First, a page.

Revealed: schedule for 'Rally to Restore Sanity and/or Fear'
Comedy Central has provided no details about the Jon Stewart/Stephen Colbert 'Rally to Restore Sanity and/or Fear.' But the park service permit lays out the schedule minute-by-minute.
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Dozens of groups from the established to the fringe have announced their intentions to be part of the extracurricular fun: One Nation March to Rebuild America and End War, the Molotov march, NARAL Pro-Choice America, Media Matters. There will even be a performance art duo wandering the crowd in historical costumes, politely requesting guests take an oath to honor the nobility within themselves.Skip to next paragraph
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Then, there is the burgeoning bus-capade. Busloads of fans from all over the country are set to trundle into the nation’s capitol for this event.
There is the high-profile stuff, such as the 200 buses sponsored by the Huffington Post founder. And then, there is the truly grass-roots entrepreneurs, such as Clark University freshman Rian Watt. He hustled a grant from the school and is charging $25 a head for the busload of 57 fellow students for an overnight ride. He says the group includes Democrats, Republicans, Libertarians, and Independents.
“I haven’t been to D.C. since I was 11,” he says, “ so I’m looking forward to taking in all the monuments and other spots on the mall, too.”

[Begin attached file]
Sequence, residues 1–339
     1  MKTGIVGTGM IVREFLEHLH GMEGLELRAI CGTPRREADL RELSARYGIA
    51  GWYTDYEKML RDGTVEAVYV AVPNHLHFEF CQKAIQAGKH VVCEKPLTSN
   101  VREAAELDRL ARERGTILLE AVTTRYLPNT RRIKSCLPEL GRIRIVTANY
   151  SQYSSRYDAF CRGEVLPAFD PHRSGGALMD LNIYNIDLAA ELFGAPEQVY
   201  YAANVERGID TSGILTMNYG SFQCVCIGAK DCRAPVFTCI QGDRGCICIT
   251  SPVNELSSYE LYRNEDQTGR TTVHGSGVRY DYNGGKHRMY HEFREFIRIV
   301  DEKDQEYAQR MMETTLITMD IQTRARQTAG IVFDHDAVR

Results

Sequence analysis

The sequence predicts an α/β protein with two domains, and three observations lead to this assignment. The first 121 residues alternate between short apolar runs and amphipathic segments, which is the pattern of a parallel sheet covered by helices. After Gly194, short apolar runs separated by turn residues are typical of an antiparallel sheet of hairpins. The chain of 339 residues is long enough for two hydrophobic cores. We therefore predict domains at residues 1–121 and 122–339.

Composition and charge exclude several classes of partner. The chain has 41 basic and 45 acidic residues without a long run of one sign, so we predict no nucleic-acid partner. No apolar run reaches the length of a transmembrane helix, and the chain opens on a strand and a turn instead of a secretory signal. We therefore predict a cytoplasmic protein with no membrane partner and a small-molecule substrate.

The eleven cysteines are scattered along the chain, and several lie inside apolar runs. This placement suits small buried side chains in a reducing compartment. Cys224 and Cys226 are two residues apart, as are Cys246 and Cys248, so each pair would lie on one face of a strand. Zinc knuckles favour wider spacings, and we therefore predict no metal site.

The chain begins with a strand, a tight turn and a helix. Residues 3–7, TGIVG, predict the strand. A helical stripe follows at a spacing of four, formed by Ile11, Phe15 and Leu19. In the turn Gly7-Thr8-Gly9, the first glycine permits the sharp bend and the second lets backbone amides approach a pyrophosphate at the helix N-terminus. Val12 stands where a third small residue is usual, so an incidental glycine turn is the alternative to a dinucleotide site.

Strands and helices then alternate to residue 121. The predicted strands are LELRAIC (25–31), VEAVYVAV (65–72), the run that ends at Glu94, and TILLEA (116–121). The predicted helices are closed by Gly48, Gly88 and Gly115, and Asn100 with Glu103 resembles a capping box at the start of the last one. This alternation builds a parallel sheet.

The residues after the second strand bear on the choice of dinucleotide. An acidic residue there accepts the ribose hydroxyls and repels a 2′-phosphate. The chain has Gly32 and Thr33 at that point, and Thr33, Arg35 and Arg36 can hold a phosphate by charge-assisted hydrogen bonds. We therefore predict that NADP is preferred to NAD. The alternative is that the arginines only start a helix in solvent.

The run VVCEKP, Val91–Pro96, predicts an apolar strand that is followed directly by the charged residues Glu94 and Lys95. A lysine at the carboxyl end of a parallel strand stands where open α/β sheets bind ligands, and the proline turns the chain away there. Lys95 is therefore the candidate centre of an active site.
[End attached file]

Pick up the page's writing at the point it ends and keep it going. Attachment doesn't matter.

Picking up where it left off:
One additional note: the permit calls the rally, “a political engagement and entertainment event.” So, will this hybrid moment actually make a political mark of any importance? Opinions are certainly mixed on this point.
“It's a joke, and it will have no impact on the midterm elections,” says Washington attorney Jordan Sekulow, a former youth organizer for President George W. Bush in 2004, in an e-mail. “Most Americans won't be following this rally, certainly not likely midterm election voters – not usually Stewart's demographic.”
"Will it be funny?" he asks. "Yes." Will there be Republicans in the audience? "Yes. We have a sense of humor." Does it really matter? "No.”
Mr. Watt, a first-time voter this year, disagrees emphatically. “I signed up for this because Colbert and Stewart have spent 11 years lobbing spitballs at the process, and now they are actually doing something about changing the tone of the debate,” he says.
It might not rock the world, he adds, “but for all those who have been influenced by the cynical detachment of those comedians, this move to engage will really have an impact.”